This is the third and final post on the volume of a sphere. The other two can be accessed by the following links, “Coordinates in 3-Space” and “The Volume of a Sphere with Calculus” As the title suggests, this will be a derivation without the use of Calculus. This proof is Greek in origin, in particular it comes from a book written by Archimedes called “On the Sphere and Cylinder.” But the method of exhaustion which Archimedes used to prove the volume was later refined to Cavalieri’s Principle.

**Theorem: **Suppose two regions in 3-space (solids) are included between two parallel planes. If every plane parallel to these two planes intersects both regions in cross -section of equal area, then the two regions have equal volumes.

Okay, so suppose we have hemisphere of radius . Suppose also that we have a cylinder of height and radius . Finally suppose we cut a cone of height and radius from the cylinder and call the resulting shape ..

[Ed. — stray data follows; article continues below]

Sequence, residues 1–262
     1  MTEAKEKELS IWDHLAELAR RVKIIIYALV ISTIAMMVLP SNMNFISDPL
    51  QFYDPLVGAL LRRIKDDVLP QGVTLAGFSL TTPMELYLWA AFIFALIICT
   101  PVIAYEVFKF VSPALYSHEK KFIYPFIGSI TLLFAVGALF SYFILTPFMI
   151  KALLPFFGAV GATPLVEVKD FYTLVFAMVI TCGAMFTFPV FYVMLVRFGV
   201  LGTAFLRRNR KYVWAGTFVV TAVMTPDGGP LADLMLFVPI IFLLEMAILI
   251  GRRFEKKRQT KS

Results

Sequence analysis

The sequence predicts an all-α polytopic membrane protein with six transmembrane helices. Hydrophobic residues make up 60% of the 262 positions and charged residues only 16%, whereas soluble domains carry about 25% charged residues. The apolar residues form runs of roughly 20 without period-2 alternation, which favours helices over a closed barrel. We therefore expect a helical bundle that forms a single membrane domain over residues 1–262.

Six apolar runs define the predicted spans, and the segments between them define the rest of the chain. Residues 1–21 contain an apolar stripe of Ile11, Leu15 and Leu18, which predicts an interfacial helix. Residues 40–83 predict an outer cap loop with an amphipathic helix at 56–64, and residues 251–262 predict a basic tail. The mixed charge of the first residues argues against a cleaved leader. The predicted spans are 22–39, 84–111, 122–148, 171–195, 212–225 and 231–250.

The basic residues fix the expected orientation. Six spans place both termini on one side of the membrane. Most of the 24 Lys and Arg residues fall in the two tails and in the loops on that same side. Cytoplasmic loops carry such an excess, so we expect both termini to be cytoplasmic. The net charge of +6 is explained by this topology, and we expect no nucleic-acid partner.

Consider a cross-section of at height . The result is a “washer” with inner radius and full radius of say, . Hence we can compute its area by .Then if we consider the cross-section at the same height we have a radius of . However by looking at the following picture,

We see that in fact the Pythagorean Theorem tells us . Therefore the area is . By applying Cavalieri’s Principle we see that the volume of a hemisphere is the volume of cylinder minus the volume of a cone. Or . Finally, we conclude the volume of a full sphere is .